“It had to be told. Some people don’t want to talk about it, but once you take the (secrecy) out of it, it takes the load off,” he said.

The reactions to the display run the gamut.

“People break down and cry, some get down on their knees and pray quietly,” he said. “This experience affects so many people in so many ways.”

Some, however, question the appropriateness of the exhibit. To them he responds: “Shouldn’t the truth be told?”

“This is necessary — these are necessary conversations,” he said, adding that issues related to the conditions that led to lynchings are still relevant today. Morrow said lynchings were about intimidation, and the rally of white supremacists in Charlottesville, Va., just one year ago this month “was also about intimidation.”

Outside the museum in Russellville’s Black Bottom neighborhood, there are few other reminders of the legacy of violence.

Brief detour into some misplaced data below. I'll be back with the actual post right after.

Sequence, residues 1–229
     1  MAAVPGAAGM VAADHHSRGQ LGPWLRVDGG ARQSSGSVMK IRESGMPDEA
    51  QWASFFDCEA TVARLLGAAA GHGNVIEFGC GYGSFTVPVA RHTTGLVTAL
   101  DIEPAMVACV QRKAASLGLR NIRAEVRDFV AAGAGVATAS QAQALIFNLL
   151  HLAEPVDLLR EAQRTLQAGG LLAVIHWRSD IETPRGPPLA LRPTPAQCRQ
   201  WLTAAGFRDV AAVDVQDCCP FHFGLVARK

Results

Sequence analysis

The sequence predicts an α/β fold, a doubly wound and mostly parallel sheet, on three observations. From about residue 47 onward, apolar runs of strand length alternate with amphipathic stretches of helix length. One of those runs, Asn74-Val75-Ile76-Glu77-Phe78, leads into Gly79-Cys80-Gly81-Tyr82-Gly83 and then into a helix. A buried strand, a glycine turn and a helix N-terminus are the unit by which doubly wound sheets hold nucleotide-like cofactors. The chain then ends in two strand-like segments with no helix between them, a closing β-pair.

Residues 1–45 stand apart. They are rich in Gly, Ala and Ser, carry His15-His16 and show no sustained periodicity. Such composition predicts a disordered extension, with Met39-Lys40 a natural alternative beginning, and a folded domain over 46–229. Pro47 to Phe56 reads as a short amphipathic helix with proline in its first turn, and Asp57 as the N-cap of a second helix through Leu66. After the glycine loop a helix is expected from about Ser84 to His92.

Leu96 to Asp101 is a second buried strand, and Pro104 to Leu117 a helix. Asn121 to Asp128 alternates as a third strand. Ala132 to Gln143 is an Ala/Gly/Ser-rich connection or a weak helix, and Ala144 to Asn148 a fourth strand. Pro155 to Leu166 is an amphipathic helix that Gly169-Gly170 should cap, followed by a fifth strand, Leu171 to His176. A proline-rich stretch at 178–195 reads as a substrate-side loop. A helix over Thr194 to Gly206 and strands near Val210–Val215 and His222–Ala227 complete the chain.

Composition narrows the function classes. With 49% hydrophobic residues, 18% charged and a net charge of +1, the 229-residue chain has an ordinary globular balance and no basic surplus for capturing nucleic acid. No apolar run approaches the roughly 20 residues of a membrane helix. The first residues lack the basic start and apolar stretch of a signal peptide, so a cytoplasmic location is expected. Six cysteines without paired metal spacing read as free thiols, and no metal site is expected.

The “lynching tree” was cut down a few years ago — no one seems to know by who — and Morrow notes that “most of the people who lived it are gone.”

But there still are direct descendants of the lynching victims living in Logan County, such as Drusilla Jones, John Jones’ granddaughter.

Now 62, Drusilla Jones said the 1908 lynching was rarely discussed in the family, and it was only through discussions with Morrow that she learned the details.

“A lot of people don’t even know about it ... thank God for Michael,” she said, adding that while what happened to her grandfather was “pitiful,” it was important to keep the story alive.

“You need to know about it,” she said, “and thank God it’s not like it used to be.”

. . .

Twice in the last few years, representatives of the Equal Justice Initiative visited Russellville in preparation for the opening of The National Memorial for Peace and Justice in Montgomery, Ala.

The museum opened in April and is the first national memorial specifically dedicated to the legacy of racial violence. It includes jars of soil from thousands of lynching locations, including from near the “lynching tree” in Russellville.